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Dublin: 9 °C Monday 25 March, 2019
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Plans for dramatic cut to bus services in Dublin village has locals on the streets

Bus frequency in Chapelizod could go from every five minutes to every thirty.

A bus and the march pass the church in the Chapelizod.
A bus and the march pass the church in the Chapelizod.
Image: TheJournal.ie

SEVERAL HUNDRED LOCALS locals in the Dublin village of Chapelizod took to the streets over the weekend to protest plans for a dramatic reduction in their bus services. 

At present, the frequency of services through the village at peak times is between five to ten minutes, but dramatic changes proposed by the National Transport Authority (NTA) would see this reduced to every half an hour. 

A number of buses that currently serve the west of the city, including the 25, 26, 66 and 67, all pass through Chapelizod on their way to the city centre. 

But the NTA’s Bus Connects plan would see these buses instead use the Chapelizod Bypass under a new service called the C. This route would be made up of a number of services that would then join together as the C just before the turn off the N4 for Lucan village.

As a replacement for its lost buses, Chapelizod would be served by a single route, the 14, that would run every 30 minutes. 

chapo bus

Locals have expressed their shock and dismay at the plans, pointing out that commuters in the village have actually been campaigning for additional services due to packed buses in the morning. 

Gráinne Walsh, who’s lived in the village for 20 years, organised Saturday’s protest march and says everyone has been taken aback by the news. 

It would be a disaster, it’s already struggling at the moment. You see people waiting for two and three buses in the morning as they pass full. So every half-hour, it’s just not going to work at all.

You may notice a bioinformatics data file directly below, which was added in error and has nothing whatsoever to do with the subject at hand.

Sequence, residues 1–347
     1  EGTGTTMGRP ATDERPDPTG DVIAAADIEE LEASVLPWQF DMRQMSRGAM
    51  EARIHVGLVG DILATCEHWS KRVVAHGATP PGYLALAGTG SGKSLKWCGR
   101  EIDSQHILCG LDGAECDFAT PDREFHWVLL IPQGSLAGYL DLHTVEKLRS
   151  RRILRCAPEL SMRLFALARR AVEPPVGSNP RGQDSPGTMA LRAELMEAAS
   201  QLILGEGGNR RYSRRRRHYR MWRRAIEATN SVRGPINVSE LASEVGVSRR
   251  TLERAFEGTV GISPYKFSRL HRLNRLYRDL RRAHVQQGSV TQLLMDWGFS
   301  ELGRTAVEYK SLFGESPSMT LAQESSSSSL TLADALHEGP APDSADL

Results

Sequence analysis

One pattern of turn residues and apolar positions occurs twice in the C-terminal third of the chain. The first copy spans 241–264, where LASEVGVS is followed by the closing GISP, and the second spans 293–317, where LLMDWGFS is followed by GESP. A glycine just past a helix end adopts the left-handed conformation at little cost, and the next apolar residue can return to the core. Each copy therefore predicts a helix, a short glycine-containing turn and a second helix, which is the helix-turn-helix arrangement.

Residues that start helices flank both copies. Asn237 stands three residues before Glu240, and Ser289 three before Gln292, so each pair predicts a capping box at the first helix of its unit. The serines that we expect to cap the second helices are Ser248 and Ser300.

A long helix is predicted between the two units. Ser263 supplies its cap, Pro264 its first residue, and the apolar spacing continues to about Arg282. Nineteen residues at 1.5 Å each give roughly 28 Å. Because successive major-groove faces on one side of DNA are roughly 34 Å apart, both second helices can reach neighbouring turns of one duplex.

“We’re shocked, it’s just unbelievable because we’ve actually been arguing for the opposite, so it actually seems so ridiculous. I don’t think they understand.”

There’s loads of new businesses opening here, that industrial estate was derelict for years, now it’s full to capacity. There’s a new restaurant opening on the bridge, there’s a new pub there. The village is just picking up.
20180825_121105

The 2016 Census put Chapelizod’s population at just over 3,000 people, about 2,000 of whom were between the ages of 20 to 60. 

Walsh argues that the village is not served by any other form of public transport so commuters into town could be forced to use their cars, impacting the south quays in Dublin city. 

People will start driving again, it’ll be chock-a-block. The quays is down to one lane of traffic since last year, so it’ll just be chock-a-block. We’re trying to encourage people to use cars less and then you knock the bus service. We have no Luas, we’ve no trains, it’s only the bus.  

20180825_121248A protester from Saturday’s march.Source: TheJournal.ie

The proposals are currently part of a public consultation phase and the Bus Connects website has a survey section for people to give their feedback on the plans.

A number of local information sessions are also being held and Sinn Féin Councillor Dáithi Doolin says Chapelizod residents are planning to make their feelings known at the 19 September meeting in nearby Ballyfermot.

“We are encouraging people to come along to the Ballyfermot Civic Centre to meet with the National Transport Authority to let them know, in no uncertain terms, that our buses are not for turning, or reducing,” Doolin told TheJournal.ie.

“We need to keep our bus service, improve our bus service and make sure Chapelizod remains well-connected with the rest of Dublin.”

This is going to be hugely detrimental to people using schools, going to work, going to college. It also connects this community to Ballyfermot, going out to Tallaght, those buses will be removed or reduced. 
20180825_123918A number of buses pass through the village during march.Source: TheJournal.ie

The councillor says that a reduction in the service would hurt different members of the community with elderly people living in senior citizen complexes also affected by the changes.

Aside from the concerns about Chapelizod, Doolin also says that the wider Bus Connects plan could see people in other parts of the city using the Luas in greater numbers. 

Part of the aim is to encourage people onto the Luas. I use the Luas every day, I’m not a car owner, I don’t drive a car. Myself and my kids use the Luas, there’s no point in moving hundreds of thousands of more people onto a Luas that’s already packed in the mornings and packed in the evenings.

“It’s ill-thought out, it’s short-sighted we need to be building communities that are linked to each other.”  

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Rónán Duffy

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